Twice as many batteries (cells) does not equal twice as much space. But even if it did, how much space are we actually discussing here?
Image
Really? Is that it? Is that what we are arguing about? :lol:

So..... let's get back to the other bit of nonsense; what about the WEIGHT?
All through this thread, the main thrust was that Boeing made vital WEIGHT savings using this battery design.
I'm not asking just to embarrass you further; I genuinely want to know if my math was correct. Is the difference really just 45kg?

Stitch wrote:
I'm not sure what the charge/discharge rate of the Saft system is compared to the GS Yuasa system and whether or not just doubling the overall Ah capacity to match would meet the energy charge and discharge requirements of the 787 in certain situations.
These are fair questions.
(such as an RTO shortly after using the batteries for engine start)
There is an answer for that too, unless your B787 is flying to an unprepared third-world airport...... avoid using the batteries for start-up.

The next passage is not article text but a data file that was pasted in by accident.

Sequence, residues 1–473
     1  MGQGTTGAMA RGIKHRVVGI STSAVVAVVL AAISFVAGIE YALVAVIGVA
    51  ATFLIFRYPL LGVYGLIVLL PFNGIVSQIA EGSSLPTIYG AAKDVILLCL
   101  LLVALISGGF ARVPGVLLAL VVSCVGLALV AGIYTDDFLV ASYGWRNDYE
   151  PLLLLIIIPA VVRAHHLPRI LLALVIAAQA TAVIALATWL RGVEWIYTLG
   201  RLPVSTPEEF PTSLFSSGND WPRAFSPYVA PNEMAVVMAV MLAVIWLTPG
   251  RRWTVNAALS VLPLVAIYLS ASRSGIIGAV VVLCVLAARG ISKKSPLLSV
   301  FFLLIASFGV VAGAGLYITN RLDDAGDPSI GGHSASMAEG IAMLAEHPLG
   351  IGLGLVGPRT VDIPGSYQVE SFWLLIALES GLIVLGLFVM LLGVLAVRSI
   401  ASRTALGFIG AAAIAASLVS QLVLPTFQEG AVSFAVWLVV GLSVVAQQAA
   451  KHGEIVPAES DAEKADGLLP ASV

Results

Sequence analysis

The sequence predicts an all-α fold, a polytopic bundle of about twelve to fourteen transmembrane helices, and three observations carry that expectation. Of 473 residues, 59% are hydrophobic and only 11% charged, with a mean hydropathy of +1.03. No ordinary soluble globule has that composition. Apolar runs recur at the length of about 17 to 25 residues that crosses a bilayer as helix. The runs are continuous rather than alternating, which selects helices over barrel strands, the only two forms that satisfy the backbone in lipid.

BTW, I thought the procedure was to start the APU from batteries, and then start the engines from the APU? . Surely the engine start from battery was only if the APU failed. Even then, the specs I have seen sound quite similar to the CCA requirement from my 12v lead-acid car battery. That would be a tall order for ordinary Li-Ion batteries, but these are not ordinary Li-Ion batteries. Please correct me if any of this is wrong.

We would also need to determine whether you could just put 28 cells together or would that impact the projected safety margins of the 14-cell battery. Same with charging and monitoring - can the existing 14-cell system scale to 28 or would you need to have two units per installation (and two installations per airframe). Then there is the physical installation of the system within the bay and how it connects to the rest of the power distribution system.
Yep, all good questions, all with relatively straightforward answers involving a (at worst) small loss of useful payload. A very small loss.